The smarter approach for Democrats would be a few simple statements of the obvious, meant to display both realism and decency, along the lines of: This is a country of laws. We are not going to admit thousands of undocumented immigrants traveling in a caravan. We do not have open borders. But we are and have always been a country of compassion as well, and we are working with Mexican authorities to protect the safety of these men, women and children.
The problem with ignoring the issue is that it plays into the Republicans’ midterm strategy. It makes Democrats sound squishy and insecure on immigration. It makes it sound as if Democrats aren’t really sure whether they believe that this country should have immigration laws.
Well, do they? Look, of course Trump is demagoguing, but he’s not wrong about how soft the Democrats are on this fundamental issue.
Similarly, it took the Senate Democrats and their media allies savaging Brett Kavanaugh to wake up Republicans and independent conservatives to the reality that the Democratic Party is so sold out to identity politics that it would eagerly trash due process if the accused is a white male. The Republicans did not make the Democrats do that, any more than they’re making the Democrats whiff on the caravan. That’s who the Democrats are in 2018. They cannot or will not take a strong stand on what ought to be a fairly easy issue: that America has the right to control its borders.
In the closing stretch of the 2018 campaign, the question is no longer the size of the Democratic wave. It’s whether there will be a wave at all.
Top operatives in both political parties concede that Democrats’ narrow path to the Senate majority has essentially disappeared, a casualty of surging Republican enthusiasm across GOP strongholds. At the same time, leading Democrats now fear the battle for the House majority will be decided by just a handful of seats.
UPDATE: Reader Jonah R.:
I’ve told this story here before. I live in a bright blue county that’s a “sanctuary” for illegal immigrants in all but name. Our property taxes have risen 8% to pay for English language classes. We’re paying million for new programs for gang interdiction. Our schools are overcrowded (and have a police presence many of them didn’t used to have), our social services resources are being pushed to the limit, and basic, important citizen services are not happening because so much money is being shunted toward programs for illegal immigrants—but in public, no one can admit this has become a problem, or else you’re called a racist. Earlier this year our local government was going to spend taxpayer money on free lawyers for illegal immigrants, and the leadership was stunned that anyone objected! Many of the objections were, it turned out, from the many legal immigrants in the area.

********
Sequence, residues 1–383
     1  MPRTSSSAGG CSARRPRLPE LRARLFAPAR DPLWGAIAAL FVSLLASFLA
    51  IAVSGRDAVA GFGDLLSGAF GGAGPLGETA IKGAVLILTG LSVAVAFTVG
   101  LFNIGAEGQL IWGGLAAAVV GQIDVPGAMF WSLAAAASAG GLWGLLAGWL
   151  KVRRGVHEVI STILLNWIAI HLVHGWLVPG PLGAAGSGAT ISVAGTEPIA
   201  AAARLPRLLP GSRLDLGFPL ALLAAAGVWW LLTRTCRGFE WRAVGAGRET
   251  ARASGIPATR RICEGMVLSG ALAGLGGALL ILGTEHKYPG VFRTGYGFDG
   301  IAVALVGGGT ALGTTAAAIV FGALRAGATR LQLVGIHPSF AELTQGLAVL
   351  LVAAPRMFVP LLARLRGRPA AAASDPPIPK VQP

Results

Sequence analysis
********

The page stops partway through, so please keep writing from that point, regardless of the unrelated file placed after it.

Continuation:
If property taxes keep going up to fund stuff for illegal immigrants, my wife and I won’t be able to afford to retire in our own community and the home we love. We’ll have to move. It’s already mucho expensivo here. It’s not that we’ll have to make the choice many retirees make after working for a lifetime; it’s that we will have no choice.
I lean conservative, but I’m probably more liberal on immigration than the Democrats were just 15 years ago. I work with a church program that helps (among others) illegal immigrants. I’ve met many good people, and I’m sympathetic to their plight.
But in a couple weeks, I’ll be voting for every Republican I can identify on the ballot. The Republicans are hopeless and I don’t expect them to do anything…but how else can I be heard except at the ballot box? My community, at least, can’t absorb any more illegal immigrants! If it accomplishes nothing else, maybe my vote can help move the window of discussion so my community can at least discuss our economic and social situation honestly. It shouldn’t be verboten (or considered “anti-immigrant,” or nationalist) to acknowledge the perfectly factual down sides of keeping the doors wide open.